1. How much does the child explore his or her surroundings?
  2. What is the child’s reaction when the parent leaves?
  3. Does the child express any anxiety with the introduction of the stranger when the child is alone?
  4. The behavior of the child when interacting with the parent is assessed.

Special attention is paid to how the infant responds to the mother on her return.

According to the child's behavior in this test there are 4 attachment styles categorized to determine how secure/unsecure is infant.

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4 Attachment styles

  1. Secure Attachment: This happens when a child is very attached to the mother. Usually this child will explore and engage with others when the mother is in the room, but, when the mother leaves, this child will show negative emotions. When left alone with the stranger, the child will avoid the him.
  2. Anxious-Resistant Insecure Attachment: This child becomes irritated when the stranger appears in the room, while mother is still near by. And when mother leaves, the child cannot explore and continue play. He is very distressed. However, when mother comes back, child acts resentful and upset to the mother, he tries to move away from her.
  3. Anxious-Avoidant Insecure Attachment: This child seems careless. He doesn't show much emotions whether mother is in the room or not. He doesn't want to be played with or held.  He acts the same with the stranger as well.
  4. Disorganized/Disoriented Attachment: This child might be distressed when the mother leaves the room and be relieved when she comes back. However, the child may not want to be held or may show anger once the mother approaches. He might hit or rock. Further research revealed that more than half of the mothers with a child who fell into this category had suffered a trauma immediately before the birth of the child and had developed depression because of that trauma.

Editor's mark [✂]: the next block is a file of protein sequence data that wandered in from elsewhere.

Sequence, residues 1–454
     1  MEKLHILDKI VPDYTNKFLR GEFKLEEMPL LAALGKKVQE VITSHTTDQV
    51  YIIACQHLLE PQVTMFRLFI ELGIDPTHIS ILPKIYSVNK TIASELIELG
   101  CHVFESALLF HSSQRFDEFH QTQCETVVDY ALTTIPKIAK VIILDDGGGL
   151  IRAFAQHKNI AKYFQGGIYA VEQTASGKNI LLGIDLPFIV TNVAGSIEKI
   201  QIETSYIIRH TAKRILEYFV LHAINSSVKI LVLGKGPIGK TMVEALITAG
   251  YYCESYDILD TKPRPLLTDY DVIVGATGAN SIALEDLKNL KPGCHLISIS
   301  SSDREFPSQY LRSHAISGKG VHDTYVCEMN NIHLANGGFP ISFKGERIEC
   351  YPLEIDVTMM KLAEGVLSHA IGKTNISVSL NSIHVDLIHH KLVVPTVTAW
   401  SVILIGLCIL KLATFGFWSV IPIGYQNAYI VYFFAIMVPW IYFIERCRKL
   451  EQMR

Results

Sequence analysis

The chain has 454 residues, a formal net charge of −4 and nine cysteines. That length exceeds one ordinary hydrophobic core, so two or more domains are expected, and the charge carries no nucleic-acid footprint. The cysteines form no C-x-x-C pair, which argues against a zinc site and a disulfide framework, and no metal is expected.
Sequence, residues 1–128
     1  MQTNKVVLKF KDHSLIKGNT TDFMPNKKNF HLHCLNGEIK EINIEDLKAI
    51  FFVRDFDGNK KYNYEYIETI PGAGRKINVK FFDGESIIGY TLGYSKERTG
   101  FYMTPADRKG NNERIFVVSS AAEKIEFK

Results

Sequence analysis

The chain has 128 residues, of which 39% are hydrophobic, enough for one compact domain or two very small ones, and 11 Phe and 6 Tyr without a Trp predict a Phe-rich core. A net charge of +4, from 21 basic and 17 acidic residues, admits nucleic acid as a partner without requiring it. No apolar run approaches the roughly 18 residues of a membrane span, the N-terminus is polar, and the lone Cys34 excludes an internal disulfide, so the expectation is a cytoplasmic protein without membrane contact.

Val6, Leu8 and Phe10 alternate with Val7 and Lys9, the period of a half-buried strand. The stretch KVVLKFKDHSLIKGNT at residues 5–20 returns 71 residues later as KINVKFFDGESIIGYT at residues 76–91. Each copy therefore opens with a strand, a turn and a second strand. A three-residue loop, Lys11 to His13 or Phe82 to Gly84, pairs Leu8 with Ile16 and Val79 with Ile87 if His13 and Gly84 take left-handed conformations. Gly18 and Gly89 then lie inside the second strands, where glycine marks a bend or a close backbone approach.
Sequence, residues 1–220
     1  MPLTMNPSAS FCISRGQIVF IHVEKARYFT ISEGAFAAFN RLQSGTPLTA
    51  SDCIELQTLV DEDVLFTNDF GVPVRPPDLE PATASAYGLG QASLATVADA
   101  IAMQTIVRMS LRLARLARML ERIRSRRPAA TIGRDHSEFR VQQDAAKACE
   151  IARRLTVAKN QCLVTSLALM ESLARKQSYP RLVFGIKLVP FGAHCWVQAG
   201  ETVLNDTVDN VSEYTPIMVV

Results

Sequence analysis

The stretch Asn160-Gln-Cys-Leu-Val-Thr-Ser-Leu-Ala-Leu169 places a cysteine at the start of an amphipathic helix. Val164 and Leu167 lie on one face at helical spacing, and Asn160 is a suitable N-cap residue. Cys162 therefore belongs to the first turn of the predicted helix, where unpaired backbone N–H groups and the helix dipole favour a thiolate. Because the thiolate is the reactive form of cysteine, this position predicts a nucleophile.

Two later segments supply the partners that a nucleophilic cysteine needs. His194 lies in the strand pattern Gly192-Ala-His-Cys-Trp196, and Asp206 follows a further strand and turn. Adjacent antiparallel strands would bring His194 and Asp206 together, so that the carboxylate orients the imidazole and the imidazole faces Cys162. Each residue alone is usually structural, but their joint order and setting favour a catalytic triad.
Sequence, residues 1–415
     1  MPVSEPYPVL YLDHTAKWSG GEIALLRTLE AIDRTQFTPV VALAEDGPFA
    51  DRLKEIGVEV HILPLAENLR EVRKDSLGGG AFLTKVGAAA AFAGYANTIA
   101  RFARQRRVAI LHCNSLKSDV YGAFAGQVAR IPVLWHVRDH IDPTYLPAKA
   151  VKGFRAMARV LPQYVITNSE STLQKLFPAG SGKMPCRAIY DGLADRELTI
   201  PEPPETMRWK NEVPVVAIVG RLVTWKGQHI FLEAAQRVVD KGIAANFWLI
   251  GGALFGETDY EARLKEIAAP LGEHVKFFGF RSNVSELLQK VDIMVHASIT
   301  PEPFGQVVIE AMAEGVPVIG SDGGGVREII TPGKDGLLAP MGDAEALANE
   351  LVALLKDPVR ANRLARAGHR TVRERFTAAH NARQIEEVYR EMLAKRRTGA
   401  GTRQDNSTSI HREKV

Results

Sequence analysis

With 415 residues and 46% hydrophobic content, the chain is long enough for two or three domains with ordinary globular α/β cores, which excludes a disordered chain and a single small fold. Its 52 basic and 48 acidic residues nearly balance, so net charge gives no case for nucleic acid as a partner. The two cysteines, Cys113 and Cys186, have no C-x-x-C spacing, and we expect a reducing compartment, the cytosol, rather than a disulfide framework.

Click to enlarge

Here is comic caricature of what does child think during strange situations (when he has secure attachment with his mother).

strange situation from child's perspective

Strange situation test helps to predict later development

According to the study, the children who have a secure attachment by 12 months they will have:

  • curiosity and problem solving at age 2,
  • social confidence at age 3,
  • empathy and independence at age 5,
  • lack of behavioral problem in boys at age 6.

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Ainsworth’s impact on Psychology

  • Mary Ainsworth's research work on attachment helps us to understand the child development better.
  • Today, the technique of Ainsworth's Strange Situation is commonly used in psychiatry and psychology to examine the attachment pattern between mother and a child.
  • Ainsworth's books:

               Ainsworth, M. and Bowlby, J. (1965). Child Care and the Growth of Love.

               Ainsworth, M. (1967). Infancy in Uganda.

               Ainsworth, M., Blehar, M., Waters, E., & Wall, S. (1978). Patterns of Attachment.